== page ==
By JIM HEINTZ
MOSCOW (AP) — Russia’s Foreign Ministry on Sunday rejected a British claim that Russia was seeking to replace Ukraine’s government with a pro-Moscow administration, and that former Ukrainian lawmaker Yevheniy Murayev was being considered as a potential candidate.
Britain’s Foreign Office on Saturday also named several other Ukrainian politicians it said had links with Russian intelligence services, along with Murayev who is the leader of a small party that has no seats in parliament.
Those politicians include Mykola Azarov, a former prime minister under Viktor Yanukovych, the Ukrainian president ousted in a 2014 uprising, and Yanukovych’s former chief of staff, Andriy Kluyev.
“Some of these have contact with Russian intelligence officers currently involved in the planning for an attack on Ukraine,” the Foreign Office said.
Murayev’s Nashi party — whose name echoes the former extensive Russian youth movement that supported President Vladimir Putin — is regarded as sympathetic to Russia, but Murayev on Sunday pushed back, characterizing it as pro-Russia.
“The time of pro-Western and pro-Russian politicians in Ukraine is gone forever,” he said in a Facebook post. Shortly before the British statement was made public, he posted his face superimposed on a James Bond movie poster and the comment: “Details tomorrow.”
The U.K. government made the claim based on an intelligence assessment, without providing evidence to back it up. It comes amid high tensions between Moscow and the West over Russia’s designs on Ukraine and each side’s increasing accusations that the other is planning provocations.
“The disinformation spread by the British Foreign Office is more evidence that it is the NATO countries, led by the Anglo-Saxons, who are escalating tensions around Ukraine,” Russian Foreign Ministry spokeswoman Maria Zakharova said on the Telegram messaging app Sunday. “We call on the British Foreign Office to stop provocative activities, stop spreading nonsense.”
British Foreign Secretary Liz Truss said the information “shines a light on the extent of Russian activity designed to subvert Ukraine, and is an insight into Kremlin thinking.”
Truss urged Russia to “deescalate, end its campaigns of aggression and disinformation, and pursue a path of diplomacy,” and reiterated Britain’s view that “any Russian military incursion into Ukraine would be a massive strategic mistake with severe costs.”
Britain has sent anti-tank weapons to Ukraine as part of efforts to bolster its defenses against a potential Russian attack.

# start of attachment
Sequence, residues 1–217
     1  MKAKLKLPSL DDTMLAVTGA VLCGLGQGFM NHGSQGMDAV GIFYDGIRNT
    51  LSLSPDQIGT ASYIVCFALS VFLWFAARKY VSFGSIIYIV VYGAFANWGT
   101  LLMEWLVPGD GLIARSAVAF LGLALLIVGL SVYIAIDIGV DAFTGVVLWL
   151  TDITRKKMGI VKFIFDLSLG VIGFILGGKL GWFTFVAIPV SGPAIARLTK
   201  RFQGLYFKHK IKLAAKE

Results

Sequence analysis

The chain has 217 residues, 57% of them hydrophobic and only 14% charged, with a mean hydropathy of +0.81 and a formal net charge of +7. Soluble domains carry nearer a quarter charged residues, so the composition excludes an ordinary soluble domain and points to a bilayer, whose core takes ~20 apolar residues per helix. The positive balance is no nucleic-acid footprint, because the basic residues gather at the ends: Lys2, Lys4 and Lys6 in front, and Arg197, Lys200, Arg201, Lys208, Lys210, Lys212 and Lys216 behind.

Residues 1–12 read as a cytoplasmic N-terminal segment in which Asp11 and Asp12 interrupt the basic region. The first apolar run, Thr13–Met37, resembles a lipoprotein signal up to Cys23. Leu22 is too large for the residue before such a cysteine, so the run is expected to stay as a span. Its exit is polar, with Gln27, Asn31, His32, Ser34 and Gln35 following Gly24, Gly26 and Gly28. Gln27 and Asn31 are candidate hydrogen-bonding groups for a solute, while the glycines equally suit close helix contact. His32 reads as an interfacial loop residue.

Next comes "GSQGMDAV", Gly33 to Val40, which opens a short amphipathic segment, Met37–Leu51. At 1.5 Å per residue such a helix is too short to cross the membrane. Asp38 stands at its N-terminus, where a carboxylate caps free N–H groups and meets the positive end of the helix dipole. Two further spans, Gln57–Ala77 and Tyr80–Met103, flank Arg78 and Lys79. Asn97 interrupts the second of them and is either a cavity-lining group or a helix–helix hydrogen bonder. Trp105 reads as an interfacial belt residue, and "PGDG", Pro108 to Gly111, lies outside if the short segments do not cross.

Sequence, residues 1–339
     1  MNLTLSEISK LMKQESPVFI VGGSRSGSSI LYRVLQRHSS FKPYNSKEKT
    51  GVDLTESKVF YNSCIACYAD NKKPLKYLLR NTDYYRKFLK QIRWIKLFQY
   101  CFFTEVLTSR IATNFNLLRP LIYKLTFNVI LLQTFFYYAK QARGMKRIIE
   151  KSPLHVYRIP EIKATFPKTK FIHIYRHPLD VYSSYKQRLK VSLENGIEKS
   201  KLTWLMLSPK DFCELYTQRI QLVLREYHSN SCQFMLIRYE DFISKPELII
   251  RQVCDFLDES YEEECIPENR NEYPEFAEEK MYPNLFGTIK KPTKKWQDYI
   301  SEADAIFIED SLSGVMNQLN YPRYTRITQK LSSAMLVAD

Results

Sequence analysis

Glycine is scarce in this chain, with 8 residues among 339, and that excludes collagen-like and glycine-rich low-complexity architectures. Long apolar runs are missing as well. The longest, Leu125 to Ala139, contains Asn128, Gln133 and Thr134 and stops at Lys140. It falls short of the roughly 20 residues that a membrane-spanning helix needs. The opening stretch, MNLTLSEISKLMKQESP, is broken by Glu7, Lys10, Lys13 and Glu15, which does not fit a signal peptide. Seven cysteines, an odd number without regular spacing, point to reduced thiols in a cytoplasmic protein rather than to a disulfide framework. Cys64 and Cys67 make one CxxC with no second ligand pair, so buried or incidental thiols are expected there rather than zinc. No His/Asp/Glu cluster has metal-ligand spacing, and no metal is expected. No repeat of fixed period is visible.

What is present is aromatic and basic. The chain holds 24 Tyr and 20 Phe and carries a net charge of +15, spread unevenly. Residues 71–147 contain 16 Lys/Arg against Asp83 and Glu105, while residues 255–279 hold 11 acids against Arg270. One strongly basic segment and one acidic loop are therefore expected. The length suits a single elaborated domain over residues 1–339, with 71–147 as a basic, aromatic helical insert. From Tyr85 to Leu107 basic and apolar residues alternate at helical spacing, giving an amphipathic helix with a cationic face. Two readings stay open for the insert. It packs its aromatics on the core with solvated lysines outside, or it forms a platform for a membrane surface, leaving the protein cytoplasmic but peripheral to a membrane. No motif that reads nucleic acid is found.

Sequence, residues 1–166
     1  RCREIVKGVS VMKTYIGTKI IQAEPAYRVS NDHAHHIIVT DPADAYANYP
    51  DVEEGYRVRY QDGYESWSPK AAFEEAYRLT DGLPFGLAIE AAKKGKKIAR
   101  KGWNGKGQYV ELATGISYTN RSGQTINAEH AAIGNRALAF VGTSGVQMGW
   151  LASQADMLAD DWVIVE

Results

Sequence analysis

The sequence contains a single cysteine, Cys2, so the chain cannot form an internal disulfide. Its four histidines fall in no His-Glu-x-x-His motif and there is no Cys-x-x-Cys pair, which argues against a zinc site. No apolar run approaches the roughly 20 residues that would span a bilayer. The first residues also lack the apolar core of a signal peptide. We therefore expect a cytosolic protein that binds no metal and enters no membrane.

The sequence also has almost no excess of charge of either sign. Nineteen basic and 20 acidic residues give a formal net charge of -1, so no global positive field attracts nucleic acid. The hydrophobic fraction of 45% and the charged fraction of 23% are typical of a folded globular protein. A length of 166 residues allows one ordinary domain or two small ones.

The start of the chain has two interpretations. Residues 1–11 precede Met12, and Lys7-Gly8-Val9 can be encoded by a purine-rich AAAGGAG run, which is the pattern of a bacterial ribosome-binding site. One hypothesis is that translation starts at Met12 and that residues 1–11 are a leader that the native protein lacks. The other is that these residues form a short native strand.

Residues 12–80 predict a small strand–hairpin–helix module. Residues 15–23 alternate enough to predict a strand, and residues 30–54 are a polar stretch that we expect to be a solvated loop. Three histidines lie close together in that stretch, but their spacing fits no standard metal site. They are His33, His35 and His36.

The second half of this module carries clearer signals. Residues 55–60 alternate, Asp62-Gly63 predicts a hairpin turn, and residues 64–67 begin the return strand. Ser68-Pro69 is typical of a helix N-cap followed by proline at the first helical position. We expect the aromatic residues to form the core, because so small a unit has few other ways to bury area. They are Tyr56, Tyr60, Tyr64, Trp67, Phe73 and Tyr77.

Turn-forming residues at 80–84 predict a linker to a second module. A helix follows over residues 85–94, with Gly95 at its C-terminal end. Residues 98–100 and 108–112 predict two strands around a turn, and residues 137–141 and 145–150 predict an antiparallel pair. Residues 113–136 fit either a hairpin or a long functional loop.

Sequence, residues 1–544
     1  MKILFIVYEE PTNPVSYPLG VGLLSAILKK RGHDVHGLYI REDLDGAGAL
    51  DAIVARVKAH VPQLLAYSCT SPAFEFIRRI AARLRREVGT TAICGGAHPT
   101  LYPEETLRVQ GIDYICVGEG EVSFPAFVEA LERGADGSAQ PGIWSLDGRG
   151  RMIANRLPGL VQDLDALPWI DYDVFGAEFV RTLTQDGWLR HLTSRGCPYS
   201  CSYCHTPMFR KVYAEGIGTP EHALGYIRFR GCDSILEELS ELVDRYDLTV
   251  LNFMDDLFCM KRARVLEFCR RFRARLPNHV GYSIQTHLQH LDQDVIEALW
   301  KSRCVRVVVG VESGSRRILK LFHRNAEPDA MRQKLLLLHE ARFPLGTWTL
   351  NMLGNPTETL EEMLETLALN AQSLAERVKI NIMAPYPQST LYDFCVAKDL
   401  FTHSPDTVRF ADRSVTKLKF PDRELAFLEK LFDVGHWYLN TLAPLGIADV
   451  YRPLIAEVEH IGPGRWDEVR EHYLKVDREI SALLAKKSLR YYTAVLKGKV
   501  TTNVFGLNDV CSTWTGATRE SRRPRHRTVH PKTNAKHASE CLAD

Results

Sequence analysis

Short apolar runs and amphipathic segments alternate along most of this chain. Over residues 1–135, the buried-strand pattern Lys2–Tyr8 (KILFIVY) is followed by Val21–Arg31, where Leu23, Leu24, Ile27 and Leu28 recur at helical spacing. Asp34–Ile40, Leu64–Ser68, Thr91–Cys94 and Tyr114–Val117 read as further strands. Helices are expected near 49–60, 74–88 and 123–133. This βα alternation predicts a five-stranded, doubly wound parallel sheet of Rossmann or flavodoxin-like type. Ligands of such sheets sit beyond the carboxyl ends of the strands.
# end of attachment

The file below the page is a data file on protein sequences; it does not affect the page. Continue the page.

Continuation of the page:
Mark Galeotti, who has written extensively on Russian security services, told The Associated Press “I can’t help but be skeptical” about the British claim.
“This is one of those situations where it is hard to know whether what we’re facing is a genuine threat, a misunderstanding of the inevitable overtures that were being made to various Ukrainian figures by Russians or ‘strategic communication’ — which is what we call propaganda these days when we’re doing it,” said Galeotti. who is honorary professor of Slavonic and East European Studies at University College, London.
Amid diplomatic efforts to defuse the crisis, U.K. Defense Secretary Ben Wallace is expected to meet Russian Defense Minister Sergei Shoigu for talks in Moscow. No timing has been given for the meeting, which would be the first U.K.-Russia bilateral defense talks since 2013.
The U.S. has mounted an aggressive campaign in recent months to unify its European allies against a new Russian invasion of Ukraine. The White House called the U.K. government assessment “deeply concerning” and said it stands with the duly elected Ukrainian government.
“The Ukrainian people have the sovereign right to determine their own future, and we stand with our democratically-elected partners in Ukraine,” National Security Council spokeswoman Emily Horne said.
The assessment came as President Joe Biden spent Saturday at the presidential retreat Camp David outside of Washington huddling with his senior national security team about the Ukraine situation. A White House official said the discussions included efforts to de-escalate the situation with diplomacy and deterrence measures being coordinated closely with allies and partners, including security assistance to Ukraine.
AP writers Jill Lawless in London, Jari Tanner in Helsinki, and Matthew Lee and Zeke Miller in Washington, contributed to this report.
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